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Author’s Note: Welcome back to your regularly scheduled Shelter Stories Wednesday! If you are interested in having your rescue pet featured on Shelter Stories Wednesday (use of pet noted, it doesn’t have to be a dog) please send me some information on your pet’s background (or guessed background) as well as two photos (before and afters are great, but I will take whatever). Please note you must OWN the photos or have express written permission from whoever took them for me to use them on my page. Also, you have to be willing to let me use them on my blog :-) I will create a story around your rescue with some information from you. For more details or to submit your pet, please email me at aimeedavis48@gmail.com.

Max was a good dog. His family told him so, every day. He would wiggle his butt and wag his tail while they told him, reaching out to lick them and put his head under their hands for a pet.

Max’s family consisted of a man and a woman and that was just fine for him. He liked dogs and the kids who came over to play with him, but his family was enough for him with or without the visitors. Max’s days consisted of lying on the couch waiting for his people to get home from work, chasing the ball in the yard with his man person and hoping his woman person would drop him a table scrap (which she almost always did). On the weekends, his people would take him to the park to swim in the pond and chase the ducks and then they would go hiking, or when it was raining, the people would drink drinks that tasted bitter and fuzzy when he tried them and sit on the couch with their arms wrapped around him.

Max was a sleep on the bed dog. When he was just an eight week old puppy he whined to get out of the cold, hard crate his people put him in, and he was immediately taken out, just like he’d asked and put in the bed, never to return to the crate again.

Max never went hungry a day in his life, and he never bothered himself over when his people would return, because they always did eventually. Until the day that they didn’t.

It was one of the rare occasions that his woman person put on her fancy clothes and stiff, good smelling leather shoes that made her taller and his man person smelled like a funny strong scent that came out of a little bottle on his dresser. The woman person bent down and stretched her neck to give Max his kiss goodbye (Max knew not to expect a hug from the woman person when she was wearing her fancy clothes). His man person gave him a bone and told him to be a good dog, which set him to wiggling. Then the people left, and Max grabbed his bone and hopped on the couch to chew and wait for their return.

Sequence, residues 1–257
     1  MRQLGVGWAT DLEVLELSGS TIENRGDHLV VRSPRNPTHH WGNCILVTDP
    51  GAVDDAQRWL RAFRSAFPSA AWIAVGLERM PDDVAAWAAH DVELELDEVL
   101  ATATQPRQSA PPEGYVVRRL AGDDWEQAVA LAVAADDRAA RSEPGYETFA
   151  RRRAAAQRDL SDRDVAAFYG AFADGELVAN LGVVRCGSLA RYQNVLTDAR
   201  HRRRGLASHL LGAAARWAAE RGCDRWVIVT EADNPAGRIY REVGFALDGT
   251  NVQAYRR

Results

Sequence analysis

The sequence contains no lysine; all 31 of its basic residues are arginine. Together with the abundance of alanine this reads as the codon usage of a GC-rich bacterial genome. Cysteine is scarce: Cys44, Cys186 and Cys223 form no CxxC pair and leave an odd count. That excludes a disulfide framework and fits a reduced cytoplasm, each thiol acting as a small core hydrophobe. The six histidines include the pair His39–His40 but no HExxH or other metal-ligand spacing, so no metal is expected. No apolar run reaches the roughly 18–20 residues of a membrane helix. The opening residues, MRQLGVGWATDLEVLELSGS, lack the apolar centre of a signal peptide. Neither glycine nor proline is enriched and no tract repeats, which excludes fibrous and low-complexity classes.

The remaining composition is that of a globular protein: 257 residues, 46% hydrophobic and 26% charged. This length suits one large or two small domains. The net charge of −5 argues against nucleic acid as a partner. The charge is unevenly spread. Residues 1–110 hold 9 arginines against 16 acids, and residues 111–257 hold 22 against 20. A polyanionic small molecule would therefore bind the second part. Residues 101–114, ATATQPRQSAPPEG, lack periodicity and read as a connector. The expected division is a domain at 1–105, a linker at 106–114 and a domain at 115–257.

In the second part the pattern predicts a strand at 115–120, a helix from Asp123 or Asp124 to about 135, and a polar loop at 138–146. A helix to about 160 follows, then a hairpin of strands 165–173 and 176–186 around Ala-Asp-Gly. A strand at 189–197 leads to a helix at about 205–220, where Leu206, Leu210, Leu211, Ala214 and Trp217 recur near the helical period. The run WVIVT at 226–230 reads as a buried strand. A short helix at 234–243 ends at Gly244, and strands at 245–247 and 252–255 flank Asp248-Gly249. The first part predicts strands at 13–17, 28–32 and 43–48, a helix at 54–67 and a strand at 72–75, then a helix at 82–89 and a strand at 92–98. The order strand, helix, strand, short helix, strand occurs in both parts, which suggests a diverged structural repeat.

Long hours passed and his people did not come home. Max laid on the couch and tried to hold his bladder, but when he couldn’t anymore, he had to release right in front of the door, something he hadn’t done since he was a puppy. He wondered and worried and began to whine and paw at the doors and the windows. Where were his people?

Darkness came and went and the sun rose over the neighborhood but still his people did not return. His stomach roared. He’d never missed a meal in his life and now he’d missed two. He continued to wait and worry.

After he’d relieved himself another time in front of the door and his stomach told him it was time for yet another meal and his people had still not returned, the door opened. He jumped up, expecting his people, but instead he saw a friend of his people. He smiled and wiggled and walked up to her to say hello, but stopped short. Something was not right. Her face smelled like salt, reminding him of the time his people had taken him to the beach, and he’d caught Frisbees among the waves. He edged up to her, then licked her face and cocked his head. Where are my people?

She threw her arms around him and held him tight, despite his attempts to break free, “Oh Max, there’s been an accident!” she cried, to which he wiggled his tail and whined. He didn’t know what the person was saying, but he could sense the sadness in her voice. Where were his people? He looked around the shoulder of the person, hoping to see them, but they never came.

Max found new people quickly, for which he was grateful. He didn’t like the big scary building with the cement floors and the cacophony of barking dogs. He had no room to run, and the bed they gave him to sleep on was not his bed with his people.

His new people are not so unlike his old people, except they have children who provide him with endless hours of entertainment, although he misses being the center of attention. His new man person is a bit stricter than his old but his new woman person is just the same, giving him lots of table scraps when the man person isn’t looking. His new man person loves to run though, which Max enjoys, because he gets to go as well, so he has lots of time to stretch his legs and take in the scents of the outdoors.

Max is still a sleep on the bed dog, but now he sleeps with the children, picking a new bed every night. He has learned to sleep through their kicking. Every time his new people pick up their keys to leave and reach down to give him kisses though, he begins to spin in circles and bark wildly, “Don’t go, don’t go!” he cries, “You may not return!” But each time they laugh and give him a bone and a pet on the head and tell him, “You’re a good dog, Max,” to which he has to wiggle, and every time, they do come back. But about his old people he still wonders – where did they go?

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